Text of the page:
In a credential stuffing attack, attackers use automated tools to test a list of stolen usernames and passwords on multiple websites, because many people use the same username and password combination on more than one platform. When attackers find credentials that work, they can steal sensitive information or raise their privileges to get to even more important data. It is critical that people use a unique, strong password on every website, app, or account they use.
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How to Spot Compromised Accounts
Being able to spot a compromised account is crucial for preventing any damage that might occur. To spot a compromised account, businesses should monitor any suspicious activity, such as unfamiliar login locations, new devices or IP addresses, or unexpected changes in account settings.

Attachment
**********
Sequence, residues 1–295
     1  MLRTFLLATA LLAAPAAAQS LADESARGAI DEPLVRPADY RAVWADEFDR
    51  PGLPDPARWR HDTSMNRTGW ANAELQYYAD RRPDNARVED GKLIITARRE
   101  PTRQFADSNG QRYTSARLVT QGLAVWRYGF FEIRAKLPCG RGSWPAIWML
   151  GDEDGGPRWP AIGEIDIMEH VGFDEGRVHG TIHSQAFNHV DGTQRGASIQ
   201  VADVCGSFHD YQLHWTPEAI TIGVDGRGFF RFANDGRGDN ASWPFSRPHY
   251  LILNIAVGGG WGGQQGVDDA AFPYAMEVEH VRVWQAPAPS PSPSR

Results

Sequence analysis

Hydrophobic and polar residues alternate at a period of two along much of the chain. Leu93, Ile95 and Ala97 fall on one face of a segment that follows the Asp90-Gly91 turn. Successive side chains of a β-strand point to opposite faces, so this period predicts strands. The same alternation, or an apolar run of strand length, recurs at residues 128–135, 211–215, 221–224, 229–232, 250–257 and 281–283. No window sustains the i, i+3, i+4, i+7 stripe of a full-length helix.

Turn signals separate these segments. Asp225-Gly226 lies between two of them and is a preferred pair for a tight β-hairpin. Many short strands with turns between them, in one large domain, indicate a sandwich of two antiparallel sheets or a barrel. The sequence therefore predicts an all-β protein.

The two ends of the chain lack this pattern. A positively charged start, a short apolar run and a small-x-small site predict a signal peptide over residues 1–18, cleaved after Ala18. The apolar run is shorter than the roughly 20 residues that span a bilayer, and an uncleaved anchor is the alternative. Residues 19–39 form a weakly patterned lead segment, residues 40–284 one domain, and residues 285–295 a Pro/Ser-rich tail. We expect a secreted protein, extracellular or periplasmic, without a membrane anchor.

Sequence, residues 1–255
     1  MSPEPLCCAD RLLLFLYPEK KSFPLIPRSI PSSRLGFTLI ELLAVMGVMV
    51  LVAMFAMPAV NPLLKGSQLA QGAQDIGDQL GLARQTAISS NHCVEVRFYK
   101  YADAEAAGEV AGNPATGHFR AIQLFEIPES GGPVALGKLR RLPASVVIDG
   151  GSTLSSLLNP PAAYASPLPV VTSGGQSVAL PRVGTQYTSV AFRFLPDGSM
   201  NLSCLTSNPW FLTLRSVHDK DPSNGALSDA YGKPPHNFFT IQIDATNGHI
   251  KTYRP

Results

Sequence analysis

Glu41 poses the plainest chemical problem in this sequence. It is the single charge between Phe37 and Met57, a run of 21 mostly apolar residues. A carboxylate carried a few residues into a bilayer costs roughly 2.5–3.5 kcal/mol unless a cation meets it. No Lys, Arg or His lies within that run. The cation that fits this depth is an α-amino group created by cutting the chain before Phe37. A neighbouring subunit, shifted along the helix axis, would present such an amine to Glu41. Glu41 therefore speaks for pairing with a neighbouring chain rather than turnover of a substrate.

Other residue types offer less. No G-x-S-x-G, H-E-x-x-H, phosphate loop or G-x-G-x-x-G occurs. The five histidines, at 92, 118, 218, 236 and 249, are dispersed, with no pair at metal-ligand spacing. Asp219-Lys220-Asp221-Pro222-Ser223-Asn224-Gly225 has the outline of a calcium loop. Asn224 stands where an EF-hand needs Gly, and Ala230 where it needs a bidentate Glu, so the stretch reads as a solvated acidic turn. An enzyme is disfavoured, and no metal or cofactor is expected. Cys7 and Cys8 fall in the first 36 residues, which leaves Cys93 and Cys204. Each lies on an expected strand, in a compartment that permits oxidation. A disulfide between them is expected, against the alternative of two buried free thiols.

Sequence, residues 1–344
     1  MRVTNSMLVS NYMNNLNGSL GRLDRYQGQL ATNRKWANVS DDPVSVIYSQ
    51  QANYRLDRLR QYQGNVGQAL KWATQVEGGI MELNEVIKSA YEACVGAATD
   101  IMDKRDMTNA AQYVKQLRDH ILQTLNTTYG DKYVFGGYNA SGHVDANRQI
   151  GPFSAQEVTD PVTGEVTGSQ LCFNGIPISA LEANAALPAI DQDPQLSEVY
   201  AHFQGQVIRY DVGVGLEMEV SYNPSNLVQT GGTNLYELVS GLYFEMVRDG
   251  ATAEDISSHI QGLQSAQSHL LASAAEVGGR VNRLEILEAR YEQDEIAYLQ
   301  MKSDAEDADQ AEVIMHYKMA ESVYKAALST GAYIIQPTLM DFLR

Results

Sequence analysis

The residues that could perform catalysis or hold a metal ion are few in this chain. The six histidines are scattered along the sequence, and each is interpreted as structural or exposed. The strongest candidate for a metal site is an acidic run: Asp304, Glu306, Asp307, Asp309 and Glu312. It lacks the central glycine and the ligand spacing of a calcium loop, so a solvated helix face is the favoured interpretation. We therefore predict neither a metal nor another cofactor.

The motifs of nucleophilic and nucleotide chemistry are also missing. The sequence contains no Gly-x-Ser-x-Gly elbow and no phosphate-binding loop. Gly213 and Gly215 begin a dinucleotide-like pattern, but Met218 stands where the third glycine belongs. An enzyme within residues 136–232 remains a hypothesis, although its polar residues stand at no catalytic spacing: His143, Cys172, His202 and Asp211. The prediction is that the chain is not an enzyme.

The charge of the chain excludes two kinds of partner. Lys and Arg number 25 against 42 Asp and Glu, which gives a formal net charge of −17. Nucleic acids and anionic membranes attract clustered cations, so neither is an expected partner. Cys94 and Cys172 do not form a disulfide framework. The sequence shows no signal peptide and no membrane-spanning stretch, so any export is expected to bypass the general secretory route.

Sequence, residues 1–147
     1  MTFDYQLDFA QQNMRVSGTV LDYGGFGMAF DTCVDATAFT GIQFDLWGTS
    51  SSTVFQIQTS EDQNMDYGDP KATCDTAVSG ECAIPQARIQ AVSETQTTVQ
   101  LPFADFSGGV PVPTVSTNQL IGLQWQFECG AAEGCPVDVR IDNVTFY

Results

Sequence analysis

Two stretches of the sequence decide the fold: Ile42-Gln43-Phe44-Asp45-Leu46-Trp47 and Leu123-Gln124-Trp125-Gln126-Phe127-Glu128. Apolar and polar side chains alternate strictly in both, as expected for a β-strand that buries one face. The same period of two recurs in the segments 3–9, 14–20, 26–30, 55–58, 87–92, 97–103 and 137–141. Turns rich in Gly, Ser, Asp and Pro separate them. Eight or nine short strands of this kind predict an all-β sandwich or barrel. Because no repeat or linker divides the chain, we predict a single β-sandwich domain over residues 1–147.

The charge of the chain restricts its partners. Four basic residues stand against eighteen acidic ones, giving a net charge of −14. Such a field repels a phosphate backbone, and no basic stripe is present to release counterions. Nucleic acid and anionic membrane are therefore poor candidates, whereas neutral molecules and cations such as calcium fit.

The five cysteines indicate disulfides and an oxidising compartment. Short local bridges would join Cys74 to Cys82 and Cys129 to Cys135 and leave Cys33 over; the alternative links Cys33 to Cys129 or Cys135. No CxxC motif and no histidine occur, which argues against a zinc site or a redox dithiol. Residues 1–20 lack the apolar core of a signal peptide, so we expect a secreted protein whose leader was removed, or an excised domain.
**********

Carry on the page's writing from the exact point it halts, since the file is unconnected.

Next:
Unusual outbound traffic
As they collect information, attackers will slowly send data to an outside network. The transferred data will show that outbound traffic is higher than usual, especially during off-peak hours.
Unusual user activity on sensitive data
Users with high privileges often access sensitive data in a predictable way, such as at a certain time or on a certain day. In a breach, an attacker might exfiltrate company data on unusual days or times.
Network requests from unusual geolocations
VPN or network access from unusual locations or a suspicious IP address could indicate an account compromise.
Increased failed authentication requests
During a brute-force attack, failed login attempts are detected, and account lockouts will stop these authentication attempts. But an attacker will keep trying other user accounts until they find a compromised account with credentials that work.
Increased access attempts on important files
Attackers may try to gain access to files that contain trade secrets and intellectual property.
Unusual configuration changes
Many times, attackers change system configurations to provide a backdoor for persistent access.
Increased device traffic to a specific address